One of the most significant changes associated with the recent shift of Google AdWords to enhanced campaigns was the combining of desktop and tablet devices into a single segment. In a recent blog post, we speculated that tablet and desktop CPCs had not converged after the migration deadline, as expected, because the new campaigns still calculate separate quality scores for each device. Understandably, this might have come as a surprise to online advertisers who failed to notice this detail during the chaotic transition. In the AdWords help section “About Enhanced Campaigns”, Google only vaguely alludes to device-specific quality scores within enhanced campaigns. Here’s the pertinent portion:
Quality Score is a measure of how relevant and useful your ads are and helps to determine your ad’s position and CPC. The way Quality Score is determined does not change in enhanced campaigns. Quality Score is calculated every time your keyword enters an auction and takes device into account [emphasis added]. In AdWords, your estimated Quality Score is represented on a scale of 1–10 and reflects each keyword’s overall performance across all the devices on which it is serving.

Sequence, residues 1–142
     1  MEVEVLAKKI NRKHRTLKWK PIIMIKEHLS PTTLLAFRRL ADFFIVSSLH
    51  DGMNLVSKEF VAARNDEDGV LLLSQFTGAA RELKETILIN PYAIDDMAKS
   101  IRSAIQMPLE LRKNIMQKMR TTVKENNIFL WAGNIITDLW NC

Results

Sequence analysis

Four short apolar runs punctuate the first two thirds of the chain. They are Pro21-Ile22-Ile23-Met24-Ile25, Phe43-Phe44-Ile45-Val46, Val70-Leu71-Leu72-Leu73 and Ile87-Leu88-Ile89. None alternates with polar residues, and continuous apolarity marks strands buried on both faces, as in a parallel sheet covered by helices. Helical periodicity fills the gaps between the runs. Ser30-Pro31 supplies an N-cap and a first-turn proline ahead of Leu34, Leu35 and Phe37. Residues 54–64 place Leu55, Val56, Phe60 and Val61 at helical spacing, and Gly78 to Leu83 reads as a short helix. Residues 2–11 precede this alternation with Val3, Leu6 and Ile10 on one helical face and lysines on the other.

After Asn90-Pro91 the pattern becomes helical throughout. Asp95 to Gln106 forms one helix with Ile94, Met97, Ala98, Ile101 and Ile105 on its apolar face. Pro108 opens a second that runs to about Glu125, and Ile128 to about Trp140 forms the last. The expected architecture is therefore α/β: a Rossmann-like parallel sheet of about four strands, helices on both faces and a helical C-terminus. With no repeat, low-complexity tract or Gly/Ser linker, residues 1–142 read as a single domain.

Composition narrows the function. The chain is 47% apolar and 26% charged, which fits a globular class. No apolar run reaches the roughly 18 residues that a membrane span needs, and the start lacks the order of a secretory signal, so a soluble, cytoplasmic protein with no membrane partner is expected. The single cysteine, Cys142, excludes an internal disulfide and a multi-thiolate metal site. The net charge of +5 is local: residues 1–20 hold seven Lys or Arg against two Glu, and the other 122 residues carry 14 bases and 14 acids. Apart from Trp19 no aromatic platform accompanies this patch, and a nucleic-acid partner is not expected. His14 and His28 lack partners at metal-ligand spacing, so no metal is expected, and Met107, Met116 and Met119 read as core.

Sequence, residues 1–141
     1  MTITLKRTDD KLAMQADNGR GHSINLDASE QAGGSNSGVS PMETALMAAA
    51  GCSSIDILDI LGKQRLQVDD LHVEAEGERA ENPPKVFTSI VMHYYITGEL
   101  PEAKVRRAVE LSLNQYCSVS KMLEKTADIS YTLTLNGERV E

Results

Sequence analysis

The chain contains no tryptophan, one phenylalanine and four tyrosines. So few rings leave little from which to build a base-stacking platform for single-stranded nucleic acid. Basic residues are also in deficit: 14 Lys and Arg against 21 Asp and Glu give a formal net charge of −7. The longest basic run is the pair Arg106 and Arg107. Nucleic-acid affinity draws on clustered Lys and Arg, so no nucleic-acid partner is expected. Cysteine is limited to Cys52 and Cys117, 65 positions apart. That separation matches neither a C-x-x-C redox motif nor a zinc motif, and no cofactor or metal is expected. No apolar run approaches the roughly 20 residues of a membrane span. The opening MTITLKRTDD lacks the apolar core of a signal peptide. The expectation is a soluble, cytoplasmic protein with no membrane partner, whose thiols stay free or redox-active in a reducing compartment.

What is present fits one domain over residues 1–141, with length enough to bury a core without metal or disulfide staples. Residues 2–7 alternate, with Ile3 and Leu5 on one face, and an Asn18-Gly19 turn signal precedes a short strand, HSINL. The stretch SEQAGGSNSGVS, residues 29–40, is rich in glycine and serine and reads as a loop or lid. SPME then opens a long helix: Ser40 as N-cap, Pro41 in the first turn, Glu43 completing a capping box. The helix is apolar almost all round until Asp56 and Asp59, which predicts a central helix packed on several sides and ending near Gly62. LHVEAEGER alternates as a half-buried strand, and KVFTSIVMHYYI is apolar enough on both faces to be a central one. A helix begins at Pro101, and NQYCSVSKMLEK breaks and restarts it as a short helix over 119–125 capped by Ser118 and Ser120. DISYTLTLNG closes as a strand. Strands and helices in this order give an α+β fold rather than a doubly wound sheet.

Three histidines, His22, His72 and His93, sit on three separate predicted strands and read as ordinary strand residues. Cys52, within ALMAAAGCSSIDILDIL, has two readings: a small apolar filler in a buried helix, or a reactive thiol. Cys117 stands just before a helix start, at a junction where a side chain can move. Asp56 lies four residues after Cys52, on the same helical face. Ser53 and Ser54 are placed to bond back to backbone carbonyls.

Google clarifies this point more explicitly in the AdWords help section on quality score. In a list of the factors used to calculate quality score, Google includes:
Your targeted devices: How well your ads have been performing on different types of devices, like desktops/laptops, mobile devices, and tablets—you get different Quality Scores for different types of devices.
With this, Google makes it clear that even though enhanced campaigns combine bidding for desktops and tablets, keywords and ads for each device still maintain separate quality scores.
Perpetuating this device distinction is peculiar, especially considering Google’s rationale for merging desktops and tablets in the first place: that searcher behavior across both device types is essentially the same. Unfortunately, advertisers won’t be able to receive insight into the different scores, by device, and won’t be able to adjust desktop and tablet bids independently in response to these differences.
This is a precarious position for Google to be taking, but it does allow for flexibility in future auction pricing. In the meantime, don’t expect your desktop and tablet CPCs to remain in lockstep—then again, they very well may be. At this moment of contradiction, it seems fair to ask: Have we truly entered a post-device search world, or are divergent quality scores an admission that two different things can remain harmoniously different after all?